The three billion litres of whisky worth £10bn currently maturing in Scotland’s bonded warehouses is said to have an average annual appreciation in real terms of seven per cent. Now an online marketplace giving investors access to it has been set up by the team behind the original physical gold investment site BullionVault.

Buyers become owners of the whisky, until they want to sell it back to the distillers. For the industry it could mean much-needed cashflow, as investment struggles to keep up with demand growth for Scotch.

But success for WhiskyInvestDirect will depend on Rupert Patrick, steeped in the industry for 25 years, who gave up running a business at Diageo after meeting serial entrepreneur Paul Tustain on a golf course two years ago.

The business raised £1.5m in a crowdfunding exercise, using convertible preference shares to attract long-term investors, and launched in September hoping at first to interest some of Bullion Vault’s 50,000 customers.

For the affable Mr Patrick, 52, whose father was a Master of Wine and great-great-grandfather owned a distillery and built a brewery, it was the perfect new challenge.

“I was destined for booze,” he says. “I tried to escape by becoming a stockbroker, but I got sucked back in.”

After four years in the City , which was “long enough to know it was not what I wanted to do”, he did an MBA at Cranfield. “That was fantastic, it just gave me confidence I could do stuff and wasn’t the dumbest one in the class.”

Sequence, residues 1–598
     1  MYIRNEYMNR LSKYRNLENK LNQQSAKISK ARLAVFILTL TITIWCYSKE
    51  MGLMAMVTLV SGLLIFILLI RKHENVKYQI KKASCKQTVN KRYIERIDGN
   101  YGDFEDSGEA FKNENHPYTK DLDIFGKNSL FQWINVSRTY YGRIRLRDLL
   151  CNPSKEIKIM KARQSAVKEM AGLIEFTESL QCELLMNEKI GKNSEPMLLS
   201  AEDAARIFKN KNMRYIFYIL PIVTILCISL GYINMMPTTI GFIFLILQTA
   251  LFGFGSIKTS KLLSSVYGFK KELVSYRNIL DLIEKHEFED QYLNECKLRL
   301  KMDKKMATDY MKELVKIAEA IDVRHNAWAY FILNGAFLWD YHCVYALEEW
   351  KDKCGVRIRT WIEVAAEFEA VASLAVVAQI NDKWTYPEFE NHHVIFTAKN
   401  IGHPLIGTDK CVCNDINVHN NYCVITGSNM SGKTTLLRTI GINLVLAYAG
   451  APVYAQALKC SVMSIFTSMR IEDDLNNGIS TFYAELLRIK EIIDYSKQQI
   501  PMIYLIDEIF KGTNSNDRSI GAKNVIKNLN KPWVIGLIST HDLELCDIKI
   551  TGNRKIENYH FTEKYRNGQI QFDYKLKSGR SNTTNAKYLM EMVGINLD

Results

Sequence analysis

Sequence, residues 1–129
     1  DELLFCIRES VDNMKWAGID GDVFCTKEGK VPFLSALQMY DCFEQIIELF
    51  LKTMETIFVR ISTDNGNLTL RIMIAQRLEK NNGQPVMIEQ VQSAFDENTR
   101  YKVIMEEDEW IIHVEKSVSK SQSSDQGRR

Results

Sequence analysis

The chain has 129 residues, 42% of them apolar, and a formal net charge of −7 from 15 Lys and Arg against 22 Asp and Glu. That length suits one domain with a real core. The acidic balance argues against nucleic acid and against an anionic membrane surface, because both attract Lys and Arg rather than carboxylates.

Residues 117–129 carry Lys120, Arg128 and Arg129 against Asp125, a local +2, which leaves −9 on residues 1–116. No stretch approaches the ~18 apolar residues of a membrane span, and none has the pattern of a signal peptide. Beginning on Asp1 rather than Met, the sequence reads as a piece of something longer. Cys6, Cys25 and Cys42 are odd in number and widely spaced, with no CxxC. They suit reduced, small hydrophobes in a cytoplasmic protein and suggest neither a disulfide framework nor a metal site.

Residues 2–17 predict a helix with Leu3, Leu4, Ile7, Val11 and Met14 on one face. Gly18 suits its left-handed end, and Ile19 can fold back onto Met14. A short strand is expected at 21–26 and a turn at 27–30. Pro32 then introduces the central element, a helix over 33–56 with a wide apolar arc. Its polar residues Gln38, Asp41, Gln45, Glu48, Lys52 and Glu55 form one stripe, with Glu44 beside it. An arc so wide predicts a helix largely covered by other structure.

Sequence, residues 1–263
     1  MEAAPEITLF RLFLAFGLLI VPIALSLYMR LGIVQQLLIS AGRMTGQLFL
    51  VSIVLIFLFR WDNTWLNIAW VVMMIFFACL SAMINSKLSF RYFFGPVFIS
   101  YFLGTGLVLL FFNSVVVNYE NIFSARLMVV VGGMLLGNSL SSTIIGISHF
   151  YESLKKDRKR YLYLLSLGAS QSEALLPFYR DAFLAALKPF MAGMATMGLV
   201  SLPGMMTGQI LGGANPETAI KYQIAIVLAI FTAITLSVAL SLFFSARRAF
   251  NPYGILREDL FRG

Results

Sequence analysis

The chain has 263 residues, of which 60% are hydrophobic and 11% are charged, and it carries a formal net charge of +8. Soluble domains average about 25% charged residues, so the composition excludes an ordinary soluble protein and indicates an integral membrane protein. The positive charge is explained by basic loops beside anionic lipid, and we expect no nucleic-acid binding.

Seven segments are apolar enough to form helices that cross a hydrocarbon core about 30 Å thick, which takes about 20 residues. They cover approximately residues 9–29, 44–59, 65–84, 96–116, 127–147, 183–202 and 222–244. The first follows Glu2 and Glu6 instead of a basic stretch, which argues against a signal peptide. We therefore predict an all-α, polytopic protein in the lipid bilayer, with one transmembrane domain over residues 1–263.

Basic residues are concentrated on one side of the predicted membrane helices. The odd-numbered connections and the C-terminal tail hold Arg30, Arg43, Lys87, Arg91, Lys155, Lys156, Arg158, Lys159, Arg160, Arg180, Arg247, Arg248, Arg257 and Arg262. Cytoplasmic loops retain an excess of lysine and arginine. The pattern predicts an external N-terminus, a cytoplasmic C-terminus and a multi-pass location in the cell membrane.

He went for interviews with United Distillers and Seagrams, then saw a small ad for an export manager at Edinburgh-based Ian MacLeod, and landed the job in 1991.

“Those were the days when single malts were still viewed as a small part of the industry, real drinkers drunk blended, malts would never grow. I saw it differently.” Selling the location was the key, he realised. “People can say I know where that is, I have been there, I can drink the product.....a real anorak interest in single malts was taking off.”

At their export manager’s prompting, MacLeod began marketing in their own right some of the malts it sourced for blends. “We had relationships with distributors in Scandinavia, France, Belgium, Italy, Greece, we sold them niche products and it went very well. The crunch was to persuade the company to buy a single malt distillery, because unless you own a distillery you are always a broker.”

At a time when companies like MacLeod, which did much of its business with supermarkets, were coming under severe pricing pressures, the Glengoyne distillery was put up for sale by Edrington.

Mr Patrick recalls: “The blender and I went undercover to Glengoyne to look round – it was brilliant. He knew exactly what the stock prices should be, I knew about the sales. We put together a very simple and naive business plan and went to the chairman Peter Russell.” In April 2003 Ian MacLeod Distillers pulled off the surprise acquisition of Glengoyne Distillery with its single malt and Langs blended whisky brands to become a fully integrated distiller, blender and bottler.

In 2005 Mr Patrick joined Jim Beam, soon after it had swallowed Allied Domecq with its Teachers and Laphroaig brands. “I ran global duty-free to begin with and a year later I was international MD for emerging markets, so I went from managing a £1m business to a $200m business in a year and a half, but it was the same thing, it was brands.”